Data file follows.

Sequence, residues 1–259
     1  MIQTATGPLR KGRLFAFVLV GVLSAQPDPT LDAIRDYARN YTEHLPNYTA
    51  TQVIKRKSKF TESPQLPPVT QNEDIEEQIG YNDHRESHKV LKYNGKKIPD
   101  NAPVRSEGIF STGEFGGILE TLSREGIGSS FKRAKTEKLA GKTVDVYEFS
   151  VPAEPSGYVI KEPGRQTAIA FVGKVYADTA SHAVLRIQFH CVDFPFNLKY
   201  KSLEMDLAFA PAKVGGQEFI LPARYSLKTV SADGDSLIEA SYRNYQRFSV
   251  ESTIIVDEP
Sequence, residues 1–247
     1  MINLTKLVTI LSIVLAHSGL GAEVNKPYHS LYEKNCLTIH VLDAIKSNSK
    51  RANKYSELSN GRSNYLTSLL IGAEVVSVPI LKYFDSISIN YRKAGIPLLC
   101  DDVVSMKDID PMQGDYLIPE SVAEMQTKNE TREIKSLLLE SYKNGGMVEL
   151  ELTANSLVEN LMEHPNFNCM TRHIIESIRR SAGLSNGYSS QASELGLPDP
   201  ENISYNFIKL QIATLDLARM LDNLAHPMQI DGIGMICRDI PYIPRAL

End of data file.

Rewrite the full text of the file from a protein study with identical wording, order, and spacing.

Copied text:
Sequence, residues 1–259
     1  MIQTATGPLR KGRLFAFVLV GVLSAQPDPT LDAIRDYARN YTEHLPNYTA
    51  TQVIKRKSKF TESPQLPPVT QNEDIEEQIG YNDHRESHKV LKYNGKKIPD
   101  NAPVRSEGIF STGEFGGILE TLSREGIGSS FKRAKTEKLA GKTVDVYEFS
   151  VPAEPSGYVI KEPGRQTAIA FVGKVYADTA SHAVLRIQFH CVDFPFNLKY
   201  KSLEMDLAFA PAKVGGQEFI LPARYSLKTV SADGDSLIEA SYRNYQRFSV
   251  ESTIIVDEP
Sequence, residues 1–247
     1  MINLTKLVTI LSIVLAHSGL GAEVNKPYHS LYEKNCLTIH VLDAIKSNSK
    51  RANKYSELSN GRSNYLTSLL IGAEVVSVPI LKYFDSISIN YRKAGIPLLC
   101  DDVVSMKDID PMQGDYLIPE SVAEMQTKNE TREIKSLLLE SYKNGGMVEL
   151  ELTANSLVEN LMEHPNFNCM TRHIIESIRR SAGLSNGYSS QASELGLPDP
   201  ENISYNFIKL QIATLDLARM LDNLAHPMQI DGIGMICRDI PYIPRAL